2020 Olympic and Paralympic Games postponed over Covid-19 fears

By Sarah Livingston

The 2020 Summer Olympic and Paralympic Games in Tokyo, Japan have been postponed. The Games, which were originally scheduled to take place from July 24 – August 9, will now take place no later than the summer of 2021 due to the ongoing Covid-19 pandemic. This comes after the International Olympic Committee issued a statement yesterday confirming what had already been predicted earlier this week by IOC member Dick Pound.

Speaking to UWS News, Team Great Britain badminton player Kirsty Gilmour said she thinks the decision to postpone the Games was the right thing to do: “the one that I and the other members of the BWF Athlete Commission and the continental Athlete Commissions wanted to see.”

Kirsty Gilmour at Yonex IFB 2013

The IOC originally laid out a deadline to announce their decision in 4 weeks’ time, but as more and more sporting events announced postponements and cancellations, the decision came sooner than expected.

There is uncertainty surrounding how the postponed Games will work logistically. Qualifications may be affected, as athletes will now have another full year to prepare. As of right now, nothing has been officially decided.

“Now we just have to wait and see what will happen with our rankings and possibly a new qualification period. Who knows. We’ll wait and see.” -Kirsty Gilmour

Even with all of this uncertainty, health is the top priority right now. The global number of Covid-19 cases has risen to over 420 thousand, with just over 8000 of those in the UK.

“Of course it’s disappointing that we don’t get to play in an Olympics Games this summer which everyone has been working so hard towards for the past year. But for the health of the athletes, the volunteers, support teams and the Japanese public this is definitely a good decision.” -Kirsty Gilmour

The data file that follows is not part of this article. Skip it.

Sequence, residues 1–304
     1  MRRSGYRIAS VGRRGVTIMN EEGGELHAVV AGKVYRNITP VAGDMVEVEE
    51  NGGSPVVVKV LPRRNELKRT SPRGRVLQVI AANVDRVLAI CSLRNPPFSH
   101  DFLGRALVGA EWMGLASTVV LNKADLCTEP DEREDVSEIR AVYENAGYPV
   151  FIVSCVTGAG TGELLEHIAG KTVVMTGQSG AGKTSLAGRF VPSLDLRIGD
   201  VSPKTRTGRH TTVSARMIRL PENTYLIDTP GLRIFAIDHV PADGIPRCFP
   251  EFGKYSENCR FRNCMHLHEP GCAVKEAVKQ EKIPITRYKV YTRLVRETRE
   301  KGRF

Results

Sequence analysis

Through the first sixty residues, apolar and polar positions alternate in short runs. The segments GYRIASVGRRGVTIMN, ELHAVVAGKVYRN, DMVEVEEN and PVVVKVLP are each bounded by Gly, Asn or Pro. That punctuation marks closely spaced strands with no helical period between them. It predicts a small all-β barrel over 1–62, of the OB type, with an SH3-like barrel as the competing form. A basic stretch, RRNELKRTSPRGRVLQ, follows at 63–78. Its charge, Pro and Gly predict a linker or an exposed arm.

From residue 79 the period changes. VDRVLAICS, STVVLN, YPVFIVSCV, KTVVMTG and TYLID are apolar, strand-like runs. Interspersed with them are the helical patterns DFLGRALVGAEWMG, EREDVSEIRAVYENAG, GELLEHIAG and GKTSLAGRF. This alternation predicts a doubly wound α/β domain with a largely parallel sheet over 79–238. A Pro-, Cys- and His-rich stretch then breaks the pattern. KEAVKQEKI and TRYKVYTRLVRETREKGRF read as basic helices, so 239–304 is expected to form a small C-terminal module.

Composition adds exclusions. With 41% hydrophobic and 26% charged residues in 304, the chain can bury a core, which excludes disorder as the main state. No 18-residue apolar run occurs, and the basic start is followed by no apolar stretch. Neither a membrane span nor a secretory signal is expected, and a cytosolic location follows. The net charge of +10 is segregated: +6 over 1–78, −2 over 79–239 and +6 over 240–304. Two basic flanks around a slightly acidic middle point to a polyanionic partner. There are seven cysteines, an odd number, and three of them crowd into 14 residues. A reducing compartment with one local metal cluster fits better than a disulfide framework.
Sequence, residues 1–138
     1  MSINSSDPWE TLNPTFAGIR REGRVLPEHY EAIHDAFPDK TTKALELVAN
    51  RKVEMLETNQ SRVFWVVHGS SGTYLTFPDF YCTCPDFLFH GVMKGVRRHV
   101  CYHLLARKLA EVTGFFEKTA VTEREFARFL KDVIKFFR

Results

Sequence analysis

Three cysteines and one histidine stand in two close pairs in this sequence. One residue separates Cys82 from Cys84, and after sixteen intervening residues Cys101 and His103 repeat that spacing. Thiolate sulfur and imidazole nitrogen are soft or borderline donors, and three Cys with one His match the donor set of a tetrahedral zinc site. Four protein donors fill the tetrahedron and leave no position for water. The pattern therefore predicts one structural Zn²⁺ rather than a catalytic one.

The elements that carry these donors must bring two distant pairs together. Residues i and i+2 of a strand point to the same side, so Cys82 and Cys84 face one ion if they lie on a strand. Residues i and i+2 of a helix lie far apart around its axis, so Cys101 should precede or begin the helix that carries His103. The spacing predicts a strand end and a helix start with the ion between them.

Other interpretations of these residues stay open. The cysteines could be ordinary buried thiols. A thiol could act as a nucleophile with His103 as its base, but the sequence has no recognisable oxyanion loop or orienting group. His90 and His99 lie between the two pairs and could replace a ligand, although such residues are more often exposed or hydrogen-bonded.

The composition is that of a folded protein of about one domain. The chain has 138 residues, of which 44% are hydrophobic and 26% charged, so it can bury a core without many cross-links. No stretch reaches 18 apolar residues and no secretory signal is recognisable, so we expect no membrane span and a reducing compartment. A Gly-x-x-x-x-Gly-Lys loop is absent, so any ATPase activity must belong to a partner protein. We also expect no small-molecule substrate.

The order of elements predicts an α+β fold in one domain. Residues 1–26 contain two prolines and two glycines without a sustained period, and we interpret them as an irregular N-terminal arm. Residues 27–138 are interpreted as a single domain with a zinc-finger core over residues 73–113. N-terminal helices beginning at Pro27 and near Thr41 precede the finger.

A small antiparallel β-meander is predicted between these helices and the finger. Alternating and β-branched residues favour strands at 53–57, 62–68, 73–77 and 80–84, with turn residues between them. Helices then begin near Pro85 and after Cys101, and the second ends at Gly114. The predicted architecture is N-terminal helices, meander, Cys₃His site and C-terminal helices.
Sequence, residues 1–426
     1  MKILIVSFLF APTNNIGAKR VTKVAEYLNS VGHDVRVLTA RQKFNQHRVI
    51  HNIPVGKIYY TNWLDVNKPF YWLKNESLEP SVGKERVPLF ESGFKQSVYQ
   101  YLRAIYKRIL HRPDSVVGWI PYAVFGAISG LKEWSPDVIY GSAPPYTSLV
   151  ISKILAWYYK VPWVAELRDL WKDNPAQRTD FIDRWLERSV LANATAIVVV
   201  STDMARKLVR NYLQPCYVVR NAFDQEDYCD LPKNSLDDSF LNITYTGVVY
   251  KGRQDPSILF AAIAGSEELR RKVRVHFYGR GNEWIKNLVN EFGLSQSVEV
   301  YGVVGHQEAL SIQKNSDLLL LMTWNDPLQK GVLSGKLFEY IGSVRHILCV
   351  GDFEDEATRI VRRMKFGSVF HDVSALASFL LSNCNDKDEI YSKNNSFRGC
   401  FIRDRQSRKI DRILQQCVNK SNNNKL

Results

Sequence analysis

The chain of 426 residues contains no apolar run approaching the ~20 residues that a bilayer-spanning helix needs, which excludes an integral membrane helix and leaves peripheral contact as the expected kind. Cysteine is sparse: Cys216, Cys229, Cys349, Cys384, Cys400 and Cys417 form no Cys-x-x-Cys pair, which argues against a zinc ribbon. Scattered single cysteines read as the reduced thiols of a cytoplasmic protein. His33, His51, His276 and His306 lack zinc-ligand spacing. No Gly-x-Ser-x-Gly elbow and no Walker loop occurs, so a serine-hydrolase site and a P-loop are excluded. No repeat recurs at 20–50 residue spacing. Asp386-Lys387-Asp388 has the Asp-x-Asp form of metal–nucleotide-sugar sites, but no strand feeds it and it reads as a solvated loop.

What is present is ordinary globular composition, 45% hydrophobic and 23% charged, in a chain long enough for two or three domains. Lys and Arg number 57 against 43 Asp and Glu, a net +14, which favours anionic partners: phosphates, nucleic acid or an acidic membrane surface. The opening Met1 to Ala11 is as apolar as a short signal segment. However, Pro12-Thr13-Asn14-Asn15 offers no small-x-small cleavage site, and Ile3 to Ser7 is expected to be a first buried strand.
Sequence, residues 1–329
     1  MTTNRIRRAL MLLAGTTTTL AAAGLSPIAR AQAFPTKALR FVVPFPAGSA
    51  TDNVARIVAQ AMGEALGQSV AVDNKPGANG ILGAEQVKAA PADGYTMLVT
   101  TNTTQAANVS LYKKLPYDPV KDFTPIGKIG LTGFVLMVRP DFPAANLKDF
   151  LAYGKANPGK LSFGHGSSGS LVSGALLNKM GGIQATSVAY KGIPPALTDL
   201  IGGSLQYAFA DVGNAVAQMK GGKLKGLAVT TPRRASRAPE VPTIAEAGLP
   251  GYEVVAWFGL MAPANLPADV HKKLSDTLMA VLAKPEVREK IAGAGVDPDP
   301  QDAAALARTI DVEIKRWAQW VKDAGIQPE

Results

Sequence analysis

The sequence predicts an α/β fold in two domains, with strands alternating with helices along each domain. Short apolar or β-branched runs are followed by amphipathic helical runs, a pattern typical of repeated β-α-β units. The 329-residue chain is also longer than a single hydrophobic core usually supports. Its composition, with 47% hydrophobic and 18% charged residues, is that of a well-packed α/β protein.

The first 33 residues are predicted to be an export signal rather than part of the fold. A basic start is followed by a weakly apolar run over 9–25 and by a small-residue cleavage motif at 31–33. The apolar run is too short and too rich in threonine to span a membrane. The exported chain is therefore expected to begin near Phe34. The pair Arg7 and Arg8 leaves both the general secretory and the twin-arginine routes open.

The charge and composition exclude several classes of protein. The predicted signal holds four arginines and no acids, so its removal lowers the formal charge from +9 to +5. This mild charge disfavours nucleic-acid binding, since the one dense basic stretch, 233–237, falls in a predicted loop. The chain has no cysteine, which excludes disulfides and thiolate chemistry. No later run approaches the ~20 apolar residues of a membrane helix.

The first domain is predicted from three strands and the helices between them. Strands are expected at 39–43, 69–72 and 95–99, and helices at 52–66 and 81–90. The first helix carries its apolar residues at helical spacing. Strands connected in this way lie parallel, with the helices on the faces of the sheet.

Joelle Bekhazi, part of Team Canada’s women’s water polo team, says the decision has been a “roller coaster of emotions. I’m extremely relieved with the decision the IOC took in postponing the games.” She had been set to compete in Tokyo this summer. While it will be difficult to navigate the challenges that come with the postponement of the Games, she is looking ahead to another year to prepare.

“It also allows for another year of preparation and really takes off the pressure of trying to stay in shape and train in not the most ideal circumstances. Our priority today is to concentrate on our collective health and wellbeing all over the world.” -Joelle Bekhazi

Joelle Bekhazi, Team Canada

The Canadian Olympic and Paralympic Committees announced on Monday that they would not be sending athletes to the Games. The Australian Olympic Committee did the same, and British Olympic Association later threatened that they would be unable to put a team together.

“I take tremendous pride in how Canada took a stand. There is no better way to move on from this most difficult time than seeing the world brought together through sport the way only the Olympic Games can.” -Joelle Bekhazi

Since the first Olympic Games in 1896, they have only been cancelled three times. Because the 2020 Games will be postponed, not cancelled, they will be the first ever Games to be hosted during a year ending in an odd number.

The postponement of the Games will also have a huge impact on athletes’ training schedules. Lots of work goes into preparing for a big event, and athletes will have been prepared to be at their peak this summer. Many athletes, however, are embracing the extra time.

Eilish McColgan, 5000m runner, Team Great Britain
Claressa Shields, Boxer, Team USA
Oskar Kirmes, Gymnast, Team Finland

Until then, the Olympic flame will remain lit.

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